August 21, 2014

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Wellington church gets a bright restoration

WELLINGTON — A lovely thing is happening to the huge stained glass window featuring Jesus as a shepherd at First Congregational United Church of Christ.

Restoration work is being done on the stained glass windows facing Main Street at First Congregational United Church of Christ in Wellington. (CT photo by Steve Manheim.)

Restoration work is being done on the stained glass windows facing Main Street at First Congregational United Church of Christ in Wellington. (CT photo by Steve Manheim.)

Crews from Church Art Glass of Clinton, Ky., are restoring the circa-1896 stained glass that has deteriorated over the years, said the Rev. Brian Burke.

Soon, the light will shine in brighter than ever.

The $42,000 job includes removing a Lexan covering installed in the 1970s that has yellowed.

Crews are building a new frame of wood and aluminum that will hold in place quarter-inch thick glass that will protect the window from the elements, said Brent Perlowski of Church Art Glass.

It should last for many decades, he said.

Click here for more photos.

While working on the stained glass itself, one must be very careful to avoid a crack because the stained glass often is painted before it is kiln-fired, and replacing a portion is difficult, Perlowski said.

“It’s just painstaking and you need that special touch,” said Perlowski, the fourth generation of his family to work on church windows.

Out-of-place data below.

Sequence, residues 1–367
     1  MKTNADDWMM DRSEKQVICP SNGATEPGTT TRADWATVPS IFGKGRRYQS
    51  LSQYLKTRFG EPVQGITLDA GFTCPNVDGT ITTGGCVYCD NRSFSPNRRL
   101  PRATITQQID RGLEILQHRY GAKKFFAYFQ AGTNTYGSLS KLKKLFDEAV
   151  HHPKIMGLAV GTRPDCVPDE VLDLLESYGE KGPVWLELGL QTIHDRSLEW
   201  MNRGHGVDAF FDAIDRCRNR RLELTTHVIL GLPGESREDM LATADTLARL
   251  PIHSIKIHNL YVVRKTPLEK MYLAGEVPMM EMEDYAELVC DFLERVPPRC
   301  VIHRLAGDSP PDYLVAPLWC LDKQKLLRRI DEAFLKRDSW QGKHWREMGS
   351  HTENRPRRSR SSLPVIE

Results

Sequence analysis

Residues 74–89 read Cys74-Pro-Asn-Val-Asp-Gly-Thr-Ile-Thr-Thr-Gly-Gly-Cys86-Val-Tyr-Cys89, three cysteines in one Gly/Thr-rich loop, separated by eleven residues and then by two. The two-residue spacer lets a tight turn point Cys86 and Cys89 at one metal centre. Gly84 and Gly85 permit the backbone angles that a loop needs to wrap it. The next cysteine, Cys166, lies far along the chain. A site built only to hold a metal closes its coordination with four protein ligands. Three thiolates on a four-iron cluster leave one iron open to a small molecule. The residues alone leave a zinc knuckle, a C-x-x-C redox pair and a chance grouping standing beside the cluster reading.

The best thing about working on churches is the gratitude of church members who stop by to see the progress, he said.
When the work on the window and transoms above the doors is complete, it should be easier when the church is lit up at night to see the stained glass in the windows facing South Main Street, Burke said.

Several panels that were in particularly bad condition have been sent to the company’s studio for repair and will be brought back in several weeks to be reinstalled.

The work was made possible by the congregation’s $250,000 capital funds campaign that also will include renovation of the church’s electrical system, replacement of other windows and tuck pointing of the bricks to ensure the integrity of the building, Burke said.

The capital campaign also will include restoration of the church’s pipe organ, which was featured in a recent tour of some of the area’s most beautiful pipe organs.

Money from the campaign also will be put into the endowment for ongoing mission work, Burke said.

An earlier restoration in 2003 gave new life to the stained glass window on the south wall, which features Jesus knocking at the door — an image inspired by the verse, “I have knocked and come for you,” Burke said.

Burke is taking pictures to chronicle the work for the congregation and is placing the photos on the church’s Facebook page.

Contact Cindy Leise at 329-7245 or cleise@chroniclet.com.